A sailboat passing through the southern Bahamas islands with about 150 Haitian migrants on board capsized after running aground, killing up to 30 people and leaving the rest clinging to the vessel for hours, authorities have said.
The exact death toll remained uncertain on Tuesday morning.
Authorities on the scene confirmed at least 20 dead and determined the number could reach 30 based on accounts from survivors, said Lieutenant Origin Deleveaux, a Royal Bahamas Defence Force spokesman.
The remains of five victims had been recovered and the Bahamas military and police were working with the US Coastguard to recover additional bodies as they pulled survivors from the stranded sailboat.
"Right now, we are just trying to recover as many bodies as we possibly can," Deleveaux said.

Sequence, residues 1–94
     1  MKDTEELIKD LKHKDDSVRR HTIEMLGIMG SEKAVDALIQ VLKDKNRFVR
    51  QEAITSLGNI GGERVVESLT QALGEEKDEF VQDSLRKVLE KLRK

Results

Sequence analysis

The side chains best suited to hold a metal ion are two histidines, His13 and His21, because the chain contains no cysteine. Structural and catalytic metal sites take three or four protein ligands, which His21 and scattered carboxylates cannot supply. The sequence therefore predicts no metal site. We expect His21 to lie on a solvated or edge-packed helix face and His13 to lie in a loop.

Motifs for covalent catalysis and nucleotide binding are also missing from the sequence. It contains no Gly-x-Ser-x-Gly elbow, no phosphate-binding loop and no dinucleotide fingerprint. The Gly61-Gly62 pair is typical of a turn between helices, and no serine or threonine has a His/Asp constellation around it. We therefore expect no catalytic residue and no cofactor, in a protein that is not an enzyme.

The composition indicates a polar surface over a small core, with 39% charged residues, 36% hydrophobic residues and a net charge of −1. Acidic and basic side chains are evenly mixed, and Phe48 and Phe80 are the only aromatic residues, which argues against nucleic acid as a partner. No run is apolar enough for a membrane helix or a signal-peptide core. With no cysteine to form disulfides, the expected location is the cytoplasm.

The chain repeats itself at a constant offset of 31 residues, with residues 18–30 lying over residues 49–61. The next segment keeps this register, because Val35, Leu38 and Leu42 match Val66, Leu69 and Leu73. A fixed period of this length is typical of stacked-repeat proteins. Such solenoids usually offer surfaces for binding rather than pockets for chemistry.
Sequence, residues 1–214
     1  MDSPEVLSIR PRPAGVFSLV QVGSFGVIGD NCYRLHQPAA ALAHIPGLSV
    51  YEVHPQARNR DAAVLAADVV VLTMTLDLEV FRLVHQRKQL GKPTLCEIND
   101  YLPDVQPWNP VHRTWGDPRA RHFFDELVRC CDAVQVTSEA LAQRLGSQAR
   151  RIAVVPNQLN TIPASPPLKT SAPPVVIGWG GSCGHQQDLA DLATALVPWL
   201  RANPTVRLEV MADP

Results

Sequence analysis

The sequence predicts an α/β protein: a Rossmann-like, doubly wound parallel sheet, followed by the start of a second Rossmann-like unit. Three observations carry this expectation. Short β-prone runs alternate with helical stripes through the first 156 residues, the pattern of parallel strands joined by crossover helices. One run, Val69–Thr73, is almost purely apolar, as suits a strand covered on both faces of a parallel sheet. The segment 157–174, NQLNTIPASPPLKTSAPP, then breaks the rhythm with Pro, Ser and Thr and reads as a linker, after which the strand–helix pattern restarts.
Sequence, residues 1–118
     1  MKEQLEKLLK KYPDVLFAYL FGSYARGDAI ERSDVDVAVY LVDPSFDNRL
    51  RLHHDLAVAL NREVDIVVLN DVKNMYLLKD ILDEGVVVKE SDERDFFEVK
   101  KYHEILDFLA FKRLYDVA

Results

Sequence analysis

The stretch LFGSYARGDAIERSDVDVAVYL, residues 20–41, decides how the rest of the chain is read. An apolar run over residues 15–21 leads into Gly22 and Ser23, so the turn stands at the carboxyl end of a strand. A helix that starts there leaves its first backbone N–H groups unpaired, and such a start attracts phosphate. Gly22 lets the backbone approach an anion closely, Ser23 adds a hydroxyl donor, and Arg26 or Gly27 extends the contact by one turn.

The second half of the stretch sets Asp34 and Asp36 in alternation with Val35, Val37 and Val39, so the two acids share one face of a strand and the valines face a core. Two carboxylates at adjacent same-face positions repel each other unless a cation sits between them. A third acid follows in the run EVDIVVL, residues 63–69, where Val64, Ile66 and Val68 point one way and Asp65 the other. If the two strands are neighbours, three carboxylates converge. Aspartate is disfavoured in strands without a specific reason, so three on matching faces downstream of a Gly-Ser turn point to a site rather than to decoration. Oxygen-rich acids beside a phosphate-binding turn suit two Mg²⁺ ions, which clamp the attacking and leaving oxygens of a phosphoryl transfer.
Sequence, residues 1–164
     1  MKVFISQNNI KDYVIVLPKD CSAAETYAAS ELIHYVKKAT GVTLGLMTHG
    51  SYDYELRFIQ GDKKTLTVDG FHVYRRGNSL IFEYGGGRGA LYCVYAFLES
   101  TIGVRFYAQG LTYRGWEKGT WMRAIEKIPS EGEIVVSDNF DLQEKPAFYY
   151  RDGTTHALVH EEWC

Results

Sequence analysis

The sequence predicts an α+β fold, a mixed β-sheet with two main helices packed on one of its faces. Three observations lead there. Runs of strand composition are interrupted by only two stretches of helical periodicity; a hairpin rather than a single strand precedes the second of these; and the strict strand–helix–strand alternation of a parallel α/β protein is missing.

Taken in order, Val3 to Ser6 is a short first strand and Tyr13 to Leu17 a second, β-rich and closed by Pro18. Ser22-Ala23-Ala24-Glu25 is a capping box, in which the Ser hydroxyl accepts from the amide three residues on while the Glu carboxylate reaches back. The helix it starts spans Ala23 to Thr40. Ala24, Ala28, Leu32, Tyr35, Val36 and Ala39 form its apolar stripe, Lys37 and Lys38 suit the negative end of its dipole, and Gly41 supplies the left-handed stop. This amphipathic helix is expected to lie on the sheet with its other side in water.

Authorities believe the migrants had been at sea for eight to nine days with limited food and water and no life jackets, Coastguard Lieutenant Commander Gabe Somma said.
Many were severely dehydrated when the first rescue crews reached them.
The boat, in addition to being overloaded, likely encountered rough weather, Deleveaux said.
This latest incident occurred late Monday near Harvey Cays, about 125 kilometres southeast of New Providence, the island that includes the capital of Nassau, 417 kilometres southeast of Miami.
Fishermen spotted the dangerously overloaded boat and alerted the Bahamas military, which asked the Coastguard for assistance in locating the vessel, Somma said.
Clinging to the ship
By the time it was spotted, the 40-foot boat had run aground in an area dotted with tiny outcroppings and reefs and then capsized.
Photos taken by the Coastguard showed people clinging to every available space on the overturned vessel.
Some were taken to a clinic on nearby Staniel Cay for treatment for dehydration.
By late Tuesday afternoon, the Coastguard and Bahamian authorities had rescued about 110 people, including 19 women.
Deleveaux said there were no children on board.